November 25

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How Old Do You Have To Be To Canoe ?

By Steve

November 25, 2021


Canoeing is a great way to enjoy the outdoors and take some time away from the busy city life. And while canoeing allows adults to explore and create memorable adventures, parents often wonder when they can tag their kids along for the ride of their lives. This often leads to the question, how old do you have to be to canoe?

 

You can canoe at any age. Children as young as toddlers can start canoeing provided you, as the parent or guardian, take the necessary safety precautions. Introducing children to canoeing at an early age is highly recommended if you want them to develop a liking for the sport.

 

If you’re interested in introducing your children to canoeing at an early age, then you couldn’t be in a better place. Read on as we discuss the dos and don’ts of canoeing with children.

Can You Canoe With a Toddler?

You can canoe with a toddler as long as you’re an experienced canoer yourself. Ideally, introducing children to canoeing at an early age is highly recommended if you want them to develop a liking for the sport.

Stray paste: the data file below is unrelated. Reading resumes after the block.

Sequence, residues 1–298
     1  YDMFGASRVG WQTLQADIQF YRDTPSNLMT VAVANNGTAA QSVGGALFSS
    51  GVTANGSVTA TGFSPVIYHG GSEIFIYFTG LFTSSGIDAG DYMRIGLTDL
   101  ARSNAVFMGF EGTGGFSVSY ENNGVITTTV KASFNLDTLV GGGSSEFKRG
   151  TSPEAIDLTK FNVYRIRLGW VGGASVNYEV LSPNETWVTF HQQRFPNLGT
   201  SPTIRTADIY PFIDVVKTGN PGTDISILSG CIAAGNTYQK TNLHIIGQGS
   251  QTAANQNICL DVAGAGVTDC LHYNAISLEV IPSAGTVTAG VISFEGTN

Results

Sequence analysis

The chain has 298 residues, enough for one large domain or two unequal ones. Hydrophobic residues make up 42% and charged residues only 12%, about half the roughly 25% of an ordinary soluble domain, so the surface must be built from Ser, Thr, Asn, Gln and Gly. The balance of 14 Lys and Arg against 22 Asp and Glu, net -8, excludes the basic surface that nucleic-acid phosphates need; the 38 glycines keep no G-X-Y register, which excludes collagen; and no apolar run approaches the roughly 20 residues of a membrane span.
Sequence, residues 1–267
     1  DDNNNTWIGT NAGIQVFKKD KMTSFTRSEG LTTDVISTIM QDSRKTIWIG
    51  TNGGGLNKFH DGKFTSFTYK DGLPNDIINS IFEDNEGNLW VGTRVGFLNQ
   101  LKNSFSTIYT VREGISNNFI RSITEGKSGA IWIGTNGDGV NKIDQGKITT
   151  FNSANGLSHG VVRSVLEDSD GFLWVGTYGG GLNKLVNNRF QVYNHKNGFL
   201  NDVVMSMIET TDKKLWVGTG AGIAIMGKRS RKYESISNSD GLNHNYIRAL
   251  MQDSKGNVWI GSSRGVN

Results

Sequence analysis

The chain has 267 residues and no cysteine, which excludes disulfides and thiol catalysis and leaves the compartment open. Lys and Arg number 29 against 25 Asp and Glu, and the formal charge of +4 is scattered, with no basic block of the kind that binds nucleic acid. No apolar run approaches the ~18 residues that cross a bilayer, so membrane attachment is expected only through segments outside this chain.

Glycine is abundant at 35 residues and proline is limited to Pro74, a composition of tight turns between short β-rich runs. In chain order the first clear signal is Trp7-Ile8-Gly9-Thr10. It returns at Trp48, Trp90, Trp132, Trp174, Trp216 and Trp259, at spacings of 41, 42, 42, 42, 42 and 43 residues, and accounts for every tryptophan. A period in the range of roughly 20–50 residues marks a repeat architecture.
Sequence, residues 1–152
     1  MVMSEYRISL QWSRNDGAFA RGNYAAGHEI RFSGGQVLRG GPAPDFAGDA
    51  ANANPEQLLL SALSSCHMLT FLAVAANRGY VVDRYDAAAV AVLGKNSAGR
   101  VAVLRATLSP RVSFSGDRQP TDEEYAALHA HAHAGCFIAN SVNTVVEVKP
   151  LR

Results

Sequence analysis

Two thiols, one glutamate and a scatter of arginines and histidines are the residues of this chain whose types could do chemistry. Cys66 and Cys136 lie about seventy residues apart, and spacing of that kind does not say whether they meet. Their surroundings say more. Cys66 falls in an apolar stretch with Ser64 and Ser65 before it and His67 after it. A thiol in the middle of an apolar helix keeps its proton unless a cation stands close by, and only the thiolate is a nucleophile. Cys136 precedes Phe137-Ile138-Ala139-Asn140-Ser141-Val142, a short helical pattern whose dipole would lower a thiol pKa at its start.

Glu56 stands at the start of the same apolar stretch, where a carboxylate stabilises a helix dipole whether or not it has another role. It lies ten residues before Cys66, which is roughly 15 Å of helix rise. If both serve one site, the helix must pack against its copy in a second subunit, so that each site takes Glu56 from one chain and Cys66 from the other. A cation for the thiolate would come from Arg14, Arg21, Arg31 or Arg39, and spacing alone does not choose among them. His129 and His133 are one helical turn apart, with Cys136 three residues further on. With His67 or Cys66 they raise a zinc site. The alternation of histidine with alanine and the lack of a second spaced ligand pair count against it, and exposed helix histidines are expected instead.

The trick is to prepare your little one mentally and make the adventure an enjoyable one.

 

And although there’s no minimum age limit for canoeing with children, it’s advisable to take your child when they’re old enough to enjoy the waters and the experience. Taking children below 18 months for a canoeing adventure isn’t recommended as they’re not strong or stable enough to withstand the potentially tricky ride.

 

Moreover, canoeing with babies can greatly take away from the canoeing experience, which is why you may want to wait a little longer until your kid is aware of his surroundings. Therefore, waiting until your little one reaches toddlerhood is highly recommended, at least if you want them to enjoy and be a part of the adventure.

Tips To Observe When Canoeing With Toddlers

Let’s now talk about some things to consider when canoeing with your kids.

Check on the Weather